Report card to have assessment by teacher, peers
Life skills to be taught every year. Report card to have reviewed from teachers, peers, and students as well. Review assessment of performance. AI-based assessment of each year to be given to the student.
Single common entrance exam for all colleges
The common Entrance exam for all higher education institutes to be held by NTA. The exam will be optional and not mandatory. Like the current ongoing structure, JEE Main and JEE Advanced is the single engineering entrance exam in the country for providing admissions into various NITs and IITs and NEET, only entrance exam for providing admissions to MBBS and Dental seats across the nation.
UG colleges to be more autonomous
Undergrad autonomy, academic, administrative, and financial autonomy will be given to colleges, on the basis of the status of their accreditation. India has over 45,000 affiliated colleges
All institutes to be research institutes
By 2040, all higher education institutions (HEIs) shall aim to become multidisciplinary institutions, each of which will aim to have 3,000 or more students.
Music , arts and literature to be taught in all colleges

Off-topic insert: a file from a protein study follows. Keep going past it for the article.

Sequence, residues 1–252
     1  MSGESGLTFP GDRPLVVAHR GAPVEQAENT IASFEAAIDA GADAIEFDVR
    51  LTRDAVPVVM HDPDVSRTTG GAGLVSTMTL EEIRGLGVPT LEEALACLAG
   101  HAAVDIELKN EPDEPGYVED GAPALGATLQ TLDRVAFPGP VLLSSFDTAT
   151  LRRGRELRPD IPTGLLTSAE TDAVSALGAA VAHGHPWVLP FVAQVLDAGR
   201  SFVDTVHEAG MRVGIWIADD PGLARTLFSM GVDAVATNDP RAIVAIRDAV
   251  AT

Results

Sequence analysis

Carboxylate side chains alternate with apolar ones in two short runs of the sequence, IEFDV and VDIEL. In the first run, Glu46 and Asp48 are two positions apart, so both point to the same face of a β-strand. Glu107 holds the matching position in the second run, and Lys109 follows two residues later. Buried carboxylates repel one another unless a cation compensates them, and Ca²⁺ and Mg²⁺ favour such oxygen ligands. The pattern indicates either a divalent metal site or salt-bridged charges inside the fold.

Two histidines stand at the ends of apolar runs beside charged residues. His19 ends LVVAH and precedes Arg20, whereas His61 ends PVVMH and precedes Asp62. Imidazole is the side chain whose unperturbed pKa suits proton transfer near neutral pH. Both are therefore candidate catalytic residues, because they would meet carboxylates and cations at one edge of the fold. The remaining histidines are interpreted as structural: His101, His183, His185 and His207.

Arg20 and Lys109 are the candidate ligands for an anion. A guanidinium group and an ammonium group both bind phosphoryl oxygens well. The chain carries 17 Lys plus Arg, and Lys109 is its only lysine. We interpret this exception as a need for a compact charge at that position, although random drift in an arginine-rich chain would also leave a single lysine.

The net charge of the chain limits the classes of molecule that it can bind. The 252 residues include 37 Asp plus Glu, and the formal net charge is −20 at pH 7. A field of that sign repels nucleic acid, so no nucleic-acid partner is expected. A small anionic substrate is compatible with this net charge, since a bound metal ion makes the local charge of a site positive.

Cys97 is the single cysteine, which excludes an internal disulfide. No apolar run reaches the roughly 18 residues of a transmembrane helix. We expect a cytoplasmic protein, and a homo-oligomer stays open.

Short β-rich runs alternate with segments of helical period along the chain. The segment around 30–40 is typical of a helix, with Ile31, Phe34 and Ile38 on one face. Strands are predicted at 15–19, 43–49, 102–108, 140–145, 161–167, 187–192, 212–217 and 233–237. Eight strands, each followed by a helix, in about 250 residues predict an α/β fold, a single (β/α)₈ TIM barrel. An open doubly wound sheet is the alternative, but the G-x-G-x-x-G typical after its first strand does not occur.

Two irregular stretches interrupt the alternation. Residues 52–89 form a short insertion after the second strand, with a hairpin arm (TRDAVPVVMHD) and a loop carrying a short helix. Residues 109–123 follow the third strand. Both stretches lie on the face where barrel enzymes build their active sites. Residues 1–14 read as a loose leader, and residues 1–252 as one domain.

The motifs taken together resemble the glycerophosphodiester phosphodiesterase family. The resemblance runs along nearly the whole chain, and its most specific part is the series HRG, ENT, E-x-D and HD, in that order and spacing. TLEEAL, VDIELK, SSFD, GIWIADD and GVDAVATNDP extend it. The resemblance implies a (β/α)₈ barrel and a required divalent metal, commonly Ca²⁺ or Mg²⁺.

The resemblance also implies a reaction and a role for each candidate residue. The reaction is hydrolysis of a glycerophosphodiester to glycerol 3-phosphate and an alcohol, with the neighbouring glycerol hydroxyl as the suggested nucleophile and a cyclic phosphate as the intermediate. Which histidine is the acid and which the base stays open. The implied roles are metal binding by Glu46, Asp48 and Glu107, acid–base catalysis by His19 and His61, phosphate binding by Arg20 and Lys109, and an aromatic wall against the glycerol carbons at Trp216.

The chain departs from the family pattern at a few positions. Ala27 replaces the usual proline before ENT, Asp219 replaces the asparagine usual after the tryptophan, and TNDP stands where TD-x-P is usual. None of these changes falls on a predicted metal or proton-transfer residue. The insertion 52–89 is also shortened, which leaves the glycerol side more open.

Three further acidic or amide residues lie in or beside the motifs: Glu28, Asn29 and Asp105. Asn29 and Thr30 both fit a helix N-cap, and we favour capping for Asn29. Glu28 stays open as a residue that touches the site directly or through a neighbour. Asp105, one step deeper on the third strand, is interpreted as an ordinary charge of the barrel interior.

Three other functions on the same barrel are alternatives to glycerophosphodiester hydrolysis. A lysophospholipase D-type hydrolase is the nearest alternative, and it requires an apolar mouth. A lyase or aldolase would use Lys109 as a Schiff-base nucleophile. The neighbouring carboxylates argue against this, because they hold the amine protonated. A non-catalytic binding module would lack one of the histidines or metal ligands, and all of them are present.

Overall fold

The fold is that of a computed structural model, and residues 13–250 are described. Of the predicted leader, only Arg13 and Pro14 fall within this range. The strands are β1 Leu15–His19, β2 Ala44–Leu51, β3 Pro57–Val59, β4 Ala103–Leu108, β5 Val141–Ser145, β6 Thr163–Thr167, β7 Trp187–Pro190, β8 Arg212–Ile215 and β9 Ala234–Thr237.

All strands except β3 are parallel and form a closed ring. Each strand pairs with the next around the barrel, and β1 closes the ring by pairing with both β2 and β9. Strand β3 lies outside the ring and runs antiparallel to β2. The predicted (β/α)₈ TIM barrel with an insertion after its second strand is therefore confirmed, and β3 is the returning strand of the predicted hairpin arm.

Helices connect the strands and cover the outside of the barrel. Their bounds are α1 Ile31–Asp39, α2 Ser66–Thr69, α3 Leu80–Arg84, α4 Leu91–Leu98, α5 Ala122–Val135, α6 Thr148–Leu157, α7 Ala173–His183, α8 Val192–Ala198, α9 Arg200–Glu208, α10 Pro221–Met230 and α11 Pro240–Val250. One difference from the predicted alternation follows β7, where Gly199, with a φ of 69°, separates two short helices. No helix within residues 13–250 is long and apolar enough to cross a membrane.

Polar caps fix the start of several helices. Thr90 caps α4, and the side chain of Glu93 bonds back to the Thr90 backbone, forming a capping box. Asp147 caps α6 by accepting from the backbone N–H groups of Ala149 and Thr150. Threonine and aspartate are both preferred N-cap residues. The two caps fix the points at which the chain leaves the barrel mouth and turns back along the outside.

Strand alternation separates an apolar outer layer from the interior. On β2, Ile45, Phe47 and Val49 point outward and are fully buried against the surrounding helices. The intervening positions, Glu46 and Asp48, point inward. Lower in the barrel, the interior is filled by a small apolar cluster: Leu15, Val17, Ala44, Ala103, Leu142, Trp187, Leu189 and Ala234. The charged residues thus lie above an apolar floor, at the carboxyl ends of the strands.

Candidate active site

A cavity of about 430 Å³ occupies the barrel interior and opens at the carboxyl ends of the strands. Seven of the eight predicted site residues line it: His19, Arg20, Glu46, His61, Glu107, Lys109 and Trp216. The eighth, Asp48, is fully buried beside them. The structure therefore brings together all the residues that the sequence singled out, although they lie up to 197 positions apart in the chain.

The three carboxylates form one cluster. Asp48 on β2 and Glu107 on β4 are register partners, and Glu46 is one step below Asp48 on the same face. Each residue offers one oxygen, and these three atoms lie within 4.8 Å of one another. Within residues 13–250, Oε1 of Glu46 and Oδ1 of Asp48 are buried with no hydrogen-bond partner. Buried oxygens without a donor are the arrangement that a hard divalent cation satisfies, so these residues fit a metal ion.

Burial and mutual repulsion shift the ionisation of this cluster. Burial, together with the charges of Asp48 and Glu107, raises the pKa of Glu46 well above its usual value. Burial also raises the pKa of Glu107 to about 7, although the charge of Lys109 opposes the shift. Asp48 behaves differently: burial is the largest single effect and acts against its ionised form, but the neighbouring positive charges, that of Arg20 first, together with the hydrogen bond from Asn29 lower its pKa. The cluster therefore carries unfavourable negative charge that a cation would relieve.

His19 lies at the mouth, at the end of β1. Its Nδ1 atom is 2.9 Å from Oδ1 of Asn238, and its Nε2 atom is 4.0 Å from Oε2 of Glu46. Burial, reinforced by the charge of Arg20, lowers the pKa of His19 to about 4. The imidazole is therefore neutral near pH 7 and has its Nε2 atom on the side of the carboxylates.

Departments in Languages, Literature, Music, Philosophy, Indology, Art, Dance, Theatre, Education, Mathematics, Statistics, Pure and Applied Sciences, Sociology, Economics, Sports, Translation and Interpretation, etc. will be established and strengthened at all higher education institutes.
IITs asked to take holistic approach
Even engineering institutions, such as IITs, will move towards more holistic and multidisciplinary education with more arts and humanities. Students of arts and humanities will aim to learn more science and all will make an effort to incorporate more vocational subjects and soft skills.
Foreign universities to set-up campuses in India
Under the NEP the world’s top 100 foreign universities will be “facilitated” to operate in India through a new law. According to the HRD Ministry document, listing salient features of policy, “such (foreign) universities will be given special dispensation regarding regulatory, governance, and content norms on par with other autonomous institutions of India.”
NEP to follow three-language formula, Sanskrit to be mainstreamed
Sanskrit will be mainstreamed with strong offerings in school – including as one of the language options in the three-language formula – as well as in higher education. Sanskrit Universities too will move towards becoming large multidisciplinary institutions of higher learning.
By 2030, one large multidisciplinary college in every district